Breast Cancer Treatment Update: Laser A Better Alternative?
Conventional breast cancer therapies are often an odd mix of surgery, chemotherapy, and radiation which severely downgrade patients' quality of life. A recent treatment innovation, however, may change all that.
According to Health News, laser ablation is showing proofs of becoming a promising alternative to conventional early stage breast cancer treatments.
In a study led by Dr. Barbara Schwartzberg of Denver-based Sarah Cannon Research Institute at Rose Medical Center, the new technique entails putting small probes in the center of the cancer and then focusing laser beams to kill the tumors and nearby cancer cells.
Officially called Novilase Breast Therapy, results of the clinical trials yielded very positive results. As mentioned in a Business Wire article, 91% of the 60 patients were reportedly breast tumor-free when the technical procedures were followed accordingly.
How will this new treatment exactly benefit breast cancer patients?
"We saw multiple advantages of using laser therapy to not only destroy the cancer tumor, but to do so with only local anesthetic and less cosmetic damage than traditional lumpectomy," told Dr. Schwartzberg as quoted saying by Med City News.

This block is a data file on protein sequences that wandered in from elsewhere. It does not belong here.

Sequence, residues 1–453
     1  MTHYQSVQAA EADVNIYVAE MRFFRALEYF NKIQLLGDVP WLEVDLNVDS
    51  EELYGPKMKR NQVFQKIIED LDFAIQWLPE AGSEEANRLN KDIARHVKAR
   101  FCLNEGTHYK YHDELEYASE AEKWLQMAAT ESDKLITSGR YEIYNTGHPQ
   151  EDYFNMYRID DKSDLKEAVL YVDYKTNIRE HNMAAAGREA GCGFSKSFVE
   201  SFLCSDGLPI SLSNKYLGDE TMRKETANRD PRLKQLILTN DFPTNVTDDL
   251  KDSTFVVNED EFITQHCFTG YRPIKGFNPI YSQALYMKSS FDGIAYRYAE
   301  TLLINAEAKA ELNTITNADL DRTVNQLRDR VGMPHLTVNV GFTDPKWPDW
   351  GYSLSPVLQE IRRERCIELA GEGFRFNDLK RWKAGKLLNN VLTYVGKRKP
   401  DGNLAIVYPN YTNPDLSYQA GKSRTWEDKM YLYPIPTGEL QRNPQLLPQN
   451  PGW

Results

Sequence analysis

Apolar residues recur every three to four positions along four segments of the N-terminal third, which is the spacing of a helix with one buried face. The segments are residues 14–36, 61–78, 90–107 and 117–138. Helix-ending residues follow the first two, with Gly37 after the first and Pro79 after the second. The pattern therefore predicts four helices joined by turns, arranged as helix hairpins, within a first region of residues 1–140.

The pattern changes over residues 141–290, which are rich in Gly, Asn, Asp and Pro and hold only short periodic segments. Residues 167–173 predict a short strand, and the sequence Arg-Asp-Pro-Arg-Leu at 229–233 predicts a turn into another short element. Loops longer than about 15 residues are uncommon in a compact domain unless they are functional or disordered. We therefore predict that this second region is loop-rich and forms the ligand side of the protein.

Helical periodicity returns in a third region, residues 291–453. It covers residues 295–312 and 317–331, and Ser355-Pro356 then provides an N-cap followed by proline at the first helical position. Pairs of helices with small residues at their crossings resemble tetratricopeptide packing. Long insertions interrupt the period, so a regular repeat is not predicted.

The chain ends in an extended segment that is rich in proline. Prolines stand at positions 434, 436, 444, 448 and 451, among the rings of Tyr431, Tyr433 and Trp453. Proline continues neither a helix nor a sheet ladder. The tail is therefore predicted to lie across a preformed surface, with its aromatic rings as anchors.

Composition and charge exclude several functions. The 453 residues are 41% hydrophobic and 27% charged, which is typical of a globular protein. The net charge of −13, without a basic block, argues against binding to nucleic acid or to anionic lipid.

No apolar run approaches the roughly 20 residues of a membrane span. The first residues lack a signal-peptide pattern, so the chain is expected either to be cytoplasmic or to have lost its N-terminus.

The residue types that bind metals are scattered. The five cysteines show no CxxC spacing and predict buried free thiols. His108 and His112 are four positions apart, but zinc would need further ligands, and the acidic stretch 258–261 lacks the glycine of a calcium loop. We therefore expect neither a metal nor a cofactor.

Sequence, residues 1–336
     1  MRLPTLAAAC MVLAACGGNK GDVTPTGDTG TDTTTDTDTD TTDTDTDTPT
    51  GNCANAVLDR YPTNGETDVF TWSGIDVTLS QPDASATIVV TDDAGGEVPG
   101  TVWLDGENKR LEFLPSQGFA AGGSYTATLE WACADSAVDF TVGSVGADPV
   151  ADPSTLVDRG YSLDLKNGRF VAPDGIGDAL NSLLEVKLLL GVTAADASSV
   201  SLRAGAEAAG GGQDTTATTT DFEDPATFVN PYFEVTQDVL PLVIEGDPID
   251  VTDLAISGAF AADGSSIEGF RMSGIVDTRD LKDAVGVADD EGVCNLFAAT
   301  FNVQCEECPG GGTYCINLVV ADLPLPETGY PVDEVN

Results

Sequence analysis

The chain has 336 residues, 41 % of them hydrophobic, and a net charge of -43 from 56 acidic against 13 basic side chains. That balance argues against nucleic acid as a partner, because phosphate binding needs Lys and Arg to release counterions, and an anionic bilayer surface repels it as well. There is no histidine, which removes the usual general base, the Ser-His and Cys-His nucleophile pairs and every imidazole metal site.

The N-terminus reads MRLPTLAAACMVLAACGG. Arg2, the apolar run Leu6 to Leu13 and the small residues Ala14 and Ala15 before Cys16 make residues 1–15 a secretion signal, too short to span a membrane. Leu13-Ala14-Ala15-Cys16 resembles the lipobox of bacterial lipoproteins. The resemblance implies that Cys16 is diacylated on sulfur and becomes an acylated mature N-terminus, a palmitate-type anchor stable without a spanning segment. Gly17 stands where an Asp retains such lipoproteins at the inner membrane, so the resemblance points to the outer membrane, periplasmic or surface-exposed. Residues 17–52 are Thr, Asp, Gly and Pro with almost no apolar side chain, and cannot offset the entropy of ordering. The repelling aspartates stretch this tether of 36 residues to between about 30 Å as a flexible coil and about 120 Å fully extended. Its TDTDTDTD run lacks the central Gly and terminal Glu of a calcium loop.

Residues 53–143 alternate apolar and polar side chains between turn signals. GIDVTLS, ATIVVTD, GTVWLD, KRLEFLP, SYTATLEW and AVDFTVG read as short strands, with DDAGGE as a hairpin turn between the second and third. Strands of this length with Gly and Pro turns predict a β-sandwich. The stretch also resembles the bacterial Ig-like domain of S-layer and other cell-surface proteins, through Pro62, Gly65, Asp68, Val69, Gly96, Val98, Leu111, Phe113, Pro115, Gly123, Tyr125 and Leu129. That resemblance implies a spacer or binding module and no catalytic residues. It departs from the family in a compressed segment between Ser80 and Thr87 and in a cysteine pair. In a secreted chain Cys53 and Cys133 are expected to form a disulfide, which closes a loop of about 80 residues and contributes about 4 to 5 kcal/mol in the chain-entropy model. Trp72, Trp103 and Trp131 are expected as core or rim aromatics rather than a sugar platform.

She also stated that cancer patients can recover quickly without having the need for further invasive treatments like surgeries.
In the absence of better alternative until now, most patients were forced to choose among a plethora of treatment options that are either invasive or dangerous due to multiple side effects. For example, mastectomy involves the removal of breasts to contain the spread of cancer cells to other parts of the body. Another procedure called lumpectomy entails the partial removal of breast tissues coupled with radiation therapy.
However, the proponents of the study and other peer experts acknowledged that it still requires more thorough research to establish its strength.
"It's very promising, but it's not going to be for everybody," remarked Dr. Laura Kruper of City of Hope Comprehensive Cancer Center in California when asked to comment on the newly-developed treatment as quoted by WebMD.